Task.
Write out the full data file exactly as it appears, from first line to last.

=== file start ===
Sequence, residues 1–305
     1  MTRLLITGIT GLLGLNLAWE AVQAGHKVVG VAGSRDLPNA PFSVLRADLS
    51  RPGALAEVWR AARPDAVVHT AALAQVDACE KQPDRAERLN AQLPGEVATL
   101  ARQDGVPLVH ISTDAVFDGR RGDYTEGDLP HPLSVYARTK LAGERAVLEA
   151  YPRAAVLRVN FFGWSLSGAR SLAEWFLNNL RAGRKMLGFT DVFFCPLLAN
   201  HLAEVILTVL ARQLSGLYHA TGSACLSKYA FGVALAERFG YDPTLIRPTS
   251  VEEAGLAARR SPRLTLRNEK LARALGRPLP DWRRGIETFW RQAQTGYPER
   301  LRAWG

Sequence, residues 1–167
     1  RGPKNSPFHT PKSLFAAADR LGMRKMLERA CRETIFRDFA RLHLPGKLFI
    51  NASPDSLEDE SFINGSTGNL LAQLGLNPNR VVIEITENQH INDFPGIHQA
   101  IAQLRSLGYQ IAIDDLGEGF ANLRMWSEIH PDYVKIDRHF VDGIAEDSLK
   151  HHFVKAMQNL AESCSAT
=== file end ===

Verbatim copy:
Sequence, residues 1–305
     1  MTRLLITGIT GLLGLNLAWE AVQAGHKVVG VAGSRDLPNA PFSVLRADLS
    51  RPGALAEVWR AARPDAVVHT AALAQVDACE KQPDRAERLN AQLPGEVATL
   101  ARQDGVPLVH ISTDAVFDGR RGDYTEGDLP HPLSVYARTK LAGERAVLEA
   151  YPRAAVLRVN FFGWSLSGAR SLAEWFLNNL RAGRKMLGFT DVFFCPLLAN
   201  HLAEVILTVL ARQLSGLYHA TGSACLSKYA FGVALAERFG YDPTLIRPTS
   251  VEEAGLAARR SPRLTLRNEK LARALGRPLP DWRRGIETFW RQAQTGYPER
   301  LRAWG

Sequence, residues 1–167
     1  RGPKNSPFHT PKSLFAAADR LGMRKMLERA CRETIFRDFA RLHLPGKLFI
    51  NASPDSLEDE SFINGSTGNL LAQLGLNPNR VVIEITENQH INDFPGIHQA
   101  IAQLRSLGYQ IAIDDLGEGF ANLRMWSEIH PDYVKIDRHF VDGIAEDSLK
   151  HHFVKAMQNL AESCSAT